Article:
A whole bottle

Wines

In an article from 1962, ‘Ladies’ Halves’, after detailing recent occasions on which a wine waiter has produced a half-bottle of the requested wine (since he’s serving two women dining together), Elizabeth David recalls ‘the steward on the Edinburgh-London express a few years ago who yelled at me across the rattling crockery and two other bemused passengers, “A bottle, madam? A whole bottle? Do you know how large a whole bottle is?”’

Reading this over breakfast, two thoughts occurred to me: firstly, the several occasions on which the Librarian and I have remarked to one another how small wine bottles are these days; secondly: Prague.

It was, alarmingly, sixteen years ago. We had one or two practical problems at the time – the fridge had died and the drain was blocked – from which we made our escape. Nerudova, Mala Strana. A long room which looked out over the Romanian embassy. A well-equipped kitchen, I noted at the time, except for a kettle, toaster, corkscrew, plug for the sink, colander and other peripheral items.

There were crowds, especially on and around the Charles Bridge, of course, but almost everywhere: crowds of friends, tourists, students, and, above all, the tour parties, ten, twenty, thirty, even forty strong: Germans particularly, and Japanese, but French and Italian, English and American.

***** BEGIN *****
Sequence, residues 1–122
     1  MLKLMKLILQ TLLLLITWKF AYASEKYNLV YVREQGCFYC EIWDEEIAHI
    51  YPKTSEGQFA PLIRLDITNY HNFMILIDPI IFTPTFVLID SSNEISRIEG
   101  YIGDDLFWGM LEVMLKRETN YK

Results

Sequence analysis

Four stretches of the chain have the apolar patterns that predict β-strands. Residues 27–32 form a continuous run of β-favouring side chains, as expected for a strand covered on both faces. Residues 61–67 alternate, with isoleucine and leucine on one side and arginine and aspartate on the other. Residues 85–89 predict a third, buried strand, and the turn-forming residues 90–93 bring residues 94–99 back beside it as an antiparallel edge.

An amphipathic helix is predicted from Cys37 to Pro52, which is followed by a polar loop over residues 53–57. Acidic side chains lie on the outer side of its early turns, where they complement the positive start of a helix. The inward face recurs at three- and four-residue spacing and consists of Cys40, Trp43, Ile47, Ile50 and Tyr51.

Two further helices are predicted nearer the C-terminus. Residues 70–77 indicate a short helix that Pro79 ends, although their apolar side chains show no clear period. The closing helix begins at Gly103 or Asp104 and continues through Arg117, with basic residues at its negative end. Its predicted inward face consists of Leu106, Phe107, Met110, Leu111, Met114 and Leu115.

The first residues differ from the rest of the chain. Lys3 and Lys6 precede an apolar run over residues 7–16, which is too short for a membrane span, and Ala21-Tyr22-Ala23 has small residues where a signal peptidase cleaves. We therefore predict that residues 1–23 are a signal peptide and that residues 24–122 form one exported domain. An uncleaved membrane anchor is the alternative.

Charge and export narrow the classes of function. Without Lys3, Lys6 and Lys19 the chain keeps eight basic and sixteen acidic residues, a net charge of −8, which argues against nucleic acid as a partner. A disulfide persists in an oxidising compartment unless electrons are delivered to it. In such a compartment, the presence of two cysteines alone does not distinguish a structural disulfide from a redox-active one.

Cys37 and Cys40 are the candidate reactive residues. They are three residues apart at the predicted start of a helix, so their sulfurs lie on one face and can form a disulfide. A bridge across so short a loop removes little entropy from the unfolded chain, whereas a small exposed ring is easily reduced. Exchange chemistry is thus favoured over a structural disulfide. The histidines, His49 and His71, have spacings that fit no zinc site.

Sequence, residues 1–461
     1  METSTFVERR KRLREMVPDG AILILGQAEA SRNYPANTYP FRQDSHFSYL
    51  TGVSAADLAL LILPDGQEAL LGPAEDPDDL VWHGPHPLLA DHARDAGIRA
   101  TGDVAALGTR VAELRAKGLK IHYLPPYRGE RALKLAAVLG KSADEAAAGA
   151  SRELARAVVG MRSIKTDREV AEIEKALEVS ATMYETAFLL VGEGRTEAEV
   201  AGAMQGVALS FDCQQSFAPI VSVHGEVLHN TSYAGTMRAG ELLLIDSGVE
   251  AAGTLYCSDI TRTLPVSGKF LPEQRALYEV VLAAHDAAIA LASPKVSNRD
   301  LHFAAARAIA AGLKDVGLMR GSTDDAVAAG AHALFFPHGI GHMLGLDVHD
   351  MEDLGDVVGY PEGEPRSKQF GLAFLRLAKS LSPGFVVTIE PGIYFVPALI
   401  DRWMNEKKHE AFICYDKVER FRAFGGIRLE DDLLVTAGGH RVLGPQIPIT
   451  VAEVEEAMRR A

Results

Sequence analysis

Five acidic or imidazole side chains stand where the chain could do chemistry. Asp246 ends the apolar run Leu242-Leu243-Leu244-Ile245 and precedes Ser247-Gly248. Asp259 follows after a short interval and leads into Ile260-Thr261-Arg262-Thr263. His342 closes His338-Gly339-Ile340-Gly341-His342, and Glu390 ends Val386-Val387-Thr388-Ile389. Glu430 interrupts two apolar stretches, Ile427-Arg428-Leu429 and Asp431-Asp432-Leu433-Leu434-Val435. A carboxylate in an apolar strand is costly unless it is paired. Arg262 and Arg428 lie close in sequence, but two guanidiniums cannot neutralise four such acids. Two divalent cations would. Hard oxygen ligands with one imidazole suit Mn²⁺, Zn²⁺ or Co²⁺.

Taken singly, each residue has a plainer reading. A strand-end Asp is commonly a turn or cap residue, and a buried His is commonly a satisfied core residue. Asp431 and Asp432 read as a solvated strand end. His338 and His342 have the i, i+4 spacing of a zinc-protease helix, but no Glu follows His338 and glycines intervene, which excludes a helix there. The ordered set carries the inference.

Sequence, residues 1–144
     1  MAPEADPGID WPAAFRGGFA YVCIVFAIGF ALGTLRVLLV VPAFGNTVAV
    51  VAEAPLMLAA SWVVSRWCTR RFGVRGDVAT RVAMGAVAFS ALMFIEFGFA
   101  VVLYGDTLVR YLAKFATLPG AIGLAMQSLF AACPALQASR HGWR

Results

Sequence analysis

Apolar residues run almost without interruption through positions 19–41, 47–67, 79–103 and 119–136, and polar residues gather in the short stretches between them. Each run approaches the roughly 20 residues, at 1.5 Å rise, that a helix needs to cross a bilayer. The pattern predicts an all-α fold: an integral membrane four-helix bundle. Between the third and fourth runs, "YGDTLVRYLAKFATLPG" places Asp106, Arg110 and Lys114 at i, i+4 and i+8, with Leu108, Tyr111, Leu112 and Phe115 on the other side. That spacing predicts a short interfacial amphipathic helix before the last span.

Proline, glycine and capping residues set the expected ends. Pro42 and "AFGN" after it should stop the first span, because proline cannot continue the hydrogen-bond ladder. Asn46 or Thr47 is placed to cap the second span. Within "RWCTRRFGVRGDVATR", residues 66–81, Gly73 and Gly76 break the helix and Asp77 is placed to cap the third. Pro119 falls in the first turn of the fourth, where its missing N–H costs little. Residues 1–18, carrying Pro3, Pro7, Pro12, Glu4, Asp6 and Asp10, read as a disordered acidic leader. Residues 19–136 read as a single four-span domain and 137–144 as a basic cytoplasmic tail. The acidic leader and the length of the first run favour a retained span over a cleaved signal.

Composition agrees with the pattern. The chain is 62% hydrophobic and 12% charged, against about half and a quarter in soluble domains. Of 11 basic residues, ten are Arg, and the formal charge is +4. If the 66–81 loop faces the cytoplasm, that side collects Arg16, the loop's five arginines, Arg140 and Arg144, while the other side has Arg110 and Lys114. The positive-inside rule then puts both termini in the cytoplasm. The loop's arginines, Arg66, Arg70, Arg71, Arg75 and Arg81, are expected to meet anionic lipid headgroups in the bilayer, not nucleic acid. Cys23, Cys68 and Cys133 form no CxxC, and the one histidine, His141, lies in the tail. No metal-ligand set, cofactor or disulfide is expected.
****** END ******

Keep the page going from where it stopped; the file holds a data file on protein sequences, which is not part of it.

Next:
Long walks in the Jewish quarter; the old cemetery with the leaning stones roped in, a moment of excitement at the sight of Rabbi Löw’s grave – the inventor of the Golem – and pebbles placed on the headstone. Golden Lane, to look at Kafka’s house at Number 22, the lane, the whole area, awash with people. Then lunch at the café on the square. A good mozzarella and roasted vegetable sandwich. We decide to try the white wine. ‘Is it Czech? White wine?’ ‘Yes.’ ‘Could we try a bottle?’ Polite pause. ‘A bottle?’ It would make a good pub sign: The Incredulous Waiter. We have a bottle, in its ice bucket. When I pour again, I pass the crucial point at which it’s worth saving, and pour the whole lot in. The waiter, whose task this probably is, disapproves. ‘Now it will get warm.’ But it didn’t really have much chance to do that.

Ah, Prague. Or Paris. Or, indeed, Sherborne. When shall we three meet again?